Since its foundation in 1987, the European Society for Evolutionary Biology (ESEB) has become an active scientific community, with the latest congresses in Aarhus and Leeds attracting more than 700 and 800 scientists from all over the world, respectively. The number of ESEB members has been growing steadily over the years, with a remarkable 87% increase from 2002 (476) to 2003 (892).
The development of the ESEB has been intimately linked to the development of the society’s own journal - the Journal of Evolutionary Biology (JEB). The first volume of JEB was published in 1988 and it comprised 372 printed pages. The latest volume contained 1348 pages – an increase of 260% over a period of 15 years. In 2004, JEB will increase further in size to 1500 pages. Not only has JEB grown in size over time, but it has also become firmly established as one of the major outlets for evolutionary biology research on both sides of the Atlantic.
As for any journal keeping up with the times, important developments are continuously implemented as the journal ages. One of the most recent and important developments of JEB is the OnlineEarly service that became available in September 2003. On OnlineEarly, all JEB articles will be published in electronic format for reading and downloading on the journal webpage as soon as the authors have returned the page proofs. This means a considerable reduction in submission-to-print times, and hence, better service to our authors and readers.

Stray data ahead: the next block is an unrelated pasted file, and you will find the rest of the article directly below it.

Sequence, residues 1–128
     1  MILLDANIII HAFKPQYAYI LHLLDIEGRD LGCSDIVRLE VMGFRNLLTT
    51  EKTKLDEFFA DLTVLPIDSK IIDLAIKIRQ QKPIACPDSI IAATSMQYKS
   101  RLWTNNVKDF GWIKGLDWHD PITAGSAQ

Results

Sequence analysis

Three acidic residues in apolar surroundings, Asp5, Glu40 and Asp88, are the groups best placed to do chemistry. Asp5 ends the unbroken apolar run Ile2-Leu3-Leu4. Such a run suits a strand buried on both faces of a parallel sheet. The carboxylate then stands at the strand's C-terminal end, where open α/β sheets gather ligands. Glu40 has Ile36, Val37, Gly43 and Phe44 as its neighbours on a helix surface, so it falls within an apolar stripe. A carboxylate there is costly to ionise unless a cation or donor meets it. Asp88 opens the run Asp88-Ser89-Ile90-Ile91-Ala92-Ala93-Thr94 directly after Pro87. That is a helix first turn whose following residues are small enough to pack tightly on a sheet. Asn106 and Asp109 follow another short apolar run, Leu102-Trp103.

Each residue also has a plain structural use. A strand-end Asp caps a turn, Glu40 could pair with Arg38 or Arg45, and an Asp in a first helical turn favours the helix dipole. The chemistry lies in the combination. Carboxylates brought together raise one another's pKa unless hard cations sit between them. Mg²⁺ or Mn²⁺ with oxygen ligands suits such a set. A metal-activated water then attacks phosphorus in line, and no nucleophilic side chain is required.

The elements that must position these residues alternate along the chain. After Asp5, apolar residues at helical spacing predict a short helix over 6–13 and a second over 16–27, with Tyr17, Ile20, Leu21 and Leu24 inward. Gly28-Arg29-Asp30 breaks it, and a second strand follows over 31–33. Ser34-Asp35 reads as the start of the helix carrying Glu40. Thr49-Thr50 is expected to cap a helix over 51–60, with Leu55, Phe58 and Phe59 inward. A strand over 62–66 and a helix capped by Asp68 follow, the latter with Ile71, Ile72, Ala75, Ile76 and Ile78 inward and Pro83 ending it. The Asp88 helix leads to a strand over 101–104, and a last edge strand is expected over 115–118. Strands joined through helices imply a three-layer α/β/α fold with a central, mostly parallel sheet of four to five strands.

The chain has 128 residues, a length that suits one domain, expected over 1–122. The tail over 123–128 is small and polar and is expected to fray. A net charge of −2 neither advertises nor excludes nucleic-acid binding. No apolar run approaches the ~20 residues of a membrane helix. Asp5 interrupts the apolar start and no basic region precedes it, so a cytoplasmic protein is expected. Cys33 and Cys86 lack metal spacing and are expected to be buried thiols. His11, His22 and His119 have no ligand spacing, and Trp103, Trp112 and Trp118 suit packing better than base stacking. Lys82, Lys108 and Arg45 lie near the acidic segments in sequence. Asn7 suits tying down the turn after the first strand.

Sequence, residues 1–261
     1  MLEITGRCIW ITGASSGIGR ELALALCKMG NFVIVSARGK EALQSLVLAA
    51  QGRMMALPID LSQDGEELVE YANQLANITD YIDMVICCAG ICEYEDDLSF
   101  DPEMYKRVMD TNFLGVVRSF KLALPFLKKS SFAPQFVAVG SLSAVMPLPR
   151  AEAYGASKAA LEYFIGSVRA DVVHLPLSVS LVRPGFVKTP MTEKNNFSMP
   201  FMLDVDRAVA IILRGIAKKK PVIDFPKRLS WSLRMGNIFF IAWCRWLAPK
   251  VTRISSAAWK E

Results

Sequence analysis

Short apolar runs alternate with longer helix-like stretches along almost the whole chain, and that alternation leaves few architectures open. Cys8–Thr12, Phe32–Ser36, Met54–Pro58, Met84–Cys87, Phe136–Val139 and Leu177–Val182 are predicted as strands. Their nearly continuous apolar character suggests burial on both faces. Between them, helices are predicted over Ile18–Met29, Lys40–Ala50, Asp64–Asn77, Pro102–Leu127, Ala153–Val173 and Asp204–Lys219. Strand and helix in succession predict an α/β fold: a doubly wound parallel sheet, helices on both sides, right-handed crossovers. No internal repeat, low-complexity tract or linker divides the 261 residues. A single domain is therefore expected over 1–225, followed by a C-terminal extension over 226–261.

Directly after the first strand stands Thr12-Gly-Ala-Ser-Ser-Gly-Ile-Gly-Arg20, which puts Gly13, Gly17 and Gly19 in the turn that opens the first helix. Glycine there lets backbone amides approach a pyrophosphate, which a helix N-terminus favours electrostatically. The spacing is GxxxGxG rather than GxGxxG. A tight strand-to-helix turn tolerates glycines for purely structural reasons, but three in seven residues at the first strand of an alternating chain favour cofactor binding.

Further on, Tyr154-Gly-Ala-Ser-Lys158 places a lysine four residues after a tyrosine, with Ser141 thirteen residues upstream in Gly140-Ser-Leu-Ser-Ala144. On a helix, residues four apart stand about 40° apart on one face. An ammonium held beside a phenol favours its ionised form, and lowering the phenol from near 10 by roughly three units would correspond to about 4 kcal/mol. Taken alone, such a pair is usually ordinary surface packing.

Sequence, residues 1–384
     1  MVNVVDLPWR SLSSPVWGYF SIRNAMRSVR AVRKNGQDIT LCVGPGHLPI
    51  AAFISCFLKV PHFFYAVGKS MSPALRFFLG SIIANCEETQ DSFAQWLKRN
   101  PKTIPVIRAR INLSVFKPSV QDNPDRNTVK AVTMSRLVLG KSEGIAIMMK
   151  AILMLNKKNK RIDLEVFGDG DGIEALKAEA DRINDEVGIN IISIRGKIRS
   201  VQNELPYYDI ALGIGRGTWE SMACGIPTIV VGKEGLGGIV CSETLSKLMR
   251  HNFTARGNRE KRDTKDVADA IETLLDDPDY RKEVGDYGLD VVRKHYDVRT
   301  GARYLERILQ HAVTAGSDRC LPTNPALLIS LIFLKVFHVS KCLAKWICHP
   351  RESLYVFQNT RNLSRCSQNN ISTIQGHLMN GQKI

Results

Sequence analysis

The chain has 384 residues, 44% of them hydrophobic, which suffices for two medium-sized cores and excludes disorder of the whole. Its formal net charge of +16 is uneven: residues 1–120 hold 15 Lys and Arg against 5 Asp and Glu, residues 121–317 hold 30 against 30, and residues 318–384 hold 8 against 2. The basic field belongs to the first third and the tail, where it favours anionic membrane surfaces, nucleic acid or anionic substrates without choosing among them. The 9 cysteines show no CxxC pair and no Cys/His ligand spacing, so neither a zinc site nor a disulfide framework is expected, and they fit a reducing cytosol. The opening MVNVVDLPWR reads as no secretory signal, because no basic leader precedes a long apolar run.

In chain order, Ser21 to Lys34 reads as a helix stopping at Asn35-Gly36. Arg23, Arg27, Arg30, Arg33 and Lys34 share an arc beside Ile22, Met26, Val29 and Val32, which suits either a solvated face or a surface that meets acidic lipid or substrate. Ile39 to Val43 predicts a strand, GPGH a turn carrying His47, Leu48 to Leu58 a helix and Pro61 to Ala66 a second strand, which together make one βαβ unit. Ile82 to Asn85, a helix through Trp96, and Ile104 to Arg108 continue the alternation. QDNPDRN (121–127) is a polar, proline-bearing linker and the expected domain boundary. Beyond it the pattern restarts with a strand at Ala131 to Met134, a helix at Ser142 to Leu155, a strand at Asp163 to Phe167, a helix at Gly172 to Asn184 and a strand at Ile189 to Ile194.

Another important development to be implemented in the near future is the update of our electronic editorial office, Manuscript Central. A new improved version of this software will be going live in April 2004. This too will mean improved and more efficient services for authors and reviewers alike. It is also a welcome development for the current editorial team of JEB which is expecting to handle over 500 new submissions this year (Fig. 1).
Despite the continuous improvements and developments at the production end, JEB’s prime focus remains on publishing high quality papers important for our understanding of the evolutionary process. We specifically welcome contributions that integrate different approaches and methods to address important evolutionary questions. For any papers focused on important evolutionary problems, we do not discriminate between hi- or low-tech papers, but we particularly welcome papers incorporating evolutionary genomics and developmental approaches to evolutionary problems. Likewise, while we welcome both empirical and theoretical contributions, we encourage in particular those combining the two.